I've been feeling like there must be a real connection with starch and healthy BM's too. I'm so glad I read PHD finally. I wasn't really feeling like I had a huge problem before, but now that I'm eating all this starch I feel like things are running even better. I suppose I used to rely a bit on magnesium for regularity, which is no longer needed with the added starch (sweet potato).

  6. #46
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    I enlarged, copied in color and keep the "apple" on my fridge and in a notebook where I plan meals and grocery lists.
    The Diet | Perfect Health Diet

  7. #47
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    Yeah, the 'apple' is excellent.

    We're about to share it with friends too.
    Disclaimer: I eat 'meat and vegetables' ala Primal, although I don't agree with the carb curve. I like Perfect Health Diet and WAPF Lactofermentation a lot.

    Griff's cholesterol primer
    5,000 Cal Fat <> 5,000 Cal Carbs
    Winterbike: What I eat every day is what other people eat to treat themselves.
    TQP: I find for me that nutrition is much more important than what I do in the gym.
    bloodorchid is always right

  8. #48
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    Drumroll, it looks like it's you and me against the potato hack.

    From the sound of it, maybe we need to go strict primal to ramp up the fat burner hormones, and then it's okay to add in a little starch? However a whole pound is ridiculous at least for someone my size.

    I'll stick with PB for the moment, thanks.
    5'0" female, 43 years old. Started Primal October 31, 2011, at a skinny fat 111.5 lbs. Low weight: 99.5 lb on a fast. Current weight: skinny-fat 106.5 lbs because of sugar cheating.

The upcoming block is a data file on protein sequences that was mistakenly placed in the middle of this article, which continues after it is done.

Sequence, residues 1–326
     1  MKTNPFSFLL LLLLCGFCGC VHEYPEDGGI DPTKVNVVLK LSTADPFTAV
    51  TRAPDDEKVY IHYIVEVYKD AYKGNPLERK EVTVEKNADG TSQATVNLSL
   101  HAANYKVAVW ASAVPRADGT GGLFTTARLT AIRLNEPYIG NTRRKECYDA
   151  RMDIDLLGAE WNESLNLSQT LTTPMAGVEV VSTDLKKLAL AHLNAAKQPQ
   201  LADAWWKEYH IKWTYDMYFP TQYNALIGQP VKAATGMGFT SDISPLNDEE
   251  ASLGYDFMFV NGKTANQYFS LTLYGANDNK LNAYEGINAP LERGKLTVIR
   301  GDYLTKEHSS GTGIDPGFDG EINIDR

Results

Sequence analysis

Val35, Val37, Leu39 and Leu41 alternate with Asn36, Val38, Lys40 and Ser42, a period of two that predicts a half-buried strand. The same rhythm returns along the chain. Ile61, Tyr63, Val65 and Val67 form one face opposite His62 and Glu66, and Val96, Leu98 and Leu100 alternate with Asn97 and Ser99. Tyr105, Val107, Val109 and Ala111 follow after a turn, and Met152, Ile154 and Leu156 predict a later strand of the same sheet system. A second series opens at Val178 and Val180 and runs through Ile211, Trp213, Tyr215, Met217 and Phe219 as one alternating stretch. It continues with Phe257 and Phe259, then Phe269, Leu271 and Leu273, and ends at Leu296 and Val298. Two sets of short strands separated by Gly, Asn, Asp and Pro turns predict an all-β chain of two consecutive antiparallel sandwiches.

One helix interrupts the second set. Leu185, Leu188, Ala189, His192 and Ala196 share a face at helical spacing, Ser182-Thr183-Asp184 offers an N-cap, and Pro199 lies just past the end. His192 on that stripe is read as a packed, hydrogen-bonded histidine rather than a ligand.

MY PRIMAL: I (try to) follow by-the-book primal as advocated by Mark Sisson, except for whey powder and a bit of cream. I aim for 80-90 g carb/day and advocate a two-month strict adjustment for newbies. But everybody is different and other need to tweak Primal to their own needs.

  9. #49
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    ^PB works great, carb curve and all.

    I like much of what they say in the PHD, but I also don't hold the fear of too little glucose that Paul has. I prefer Robb Wolf's old stance which was essentially to "eat carbs to fuel your level of exercise".....fairly simple and vastly adaptable. Reasonable approach to think someone doing 5 Metcons/week may need a bit of a different approach than a couch patoto or even a weekend warrior IMO.

  10. #50
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    Quote Originally Posted by oxide View Post
    Drumroll, it looks like it's you and me against the potato hack.

    From the sound of it, maybe we need to go strict primal to ramp up the fat burner hormones, and then it's okay to add in a little starch? However a whole pound is ridiculous at least for someone my size.

    I'll stick with PB for the moment, thanks.
    Sounds like the PHD's whole reason for advocating that much starch is pretty much based SOLEY on the resistant starch thing and gut health. I admit that resistant starch is probably great for your gut flora but I have to say, I haven't really experienced the issues with my gut that so many other people here are now complaining about. I dunno what caused it for them and I would never presume to speculate, but I've been fine without it.

    If I ever start having gut issues, maybe I'll consider adding some starch back into my diet, but certainly NOT an entire pound. I can't imagine how much unwanted water weight that would put back on me. Plus the fact that starchy things usually take more effort and time to prepare than meat, veggies, nuts, eggs, ect. A pound of that a day means I am spending FAR more time in the kitchen.

    I do the occasional carb-up day where I do have some starch, so I'm not starch-free, I just don't actively go seeking it out on a daily basis.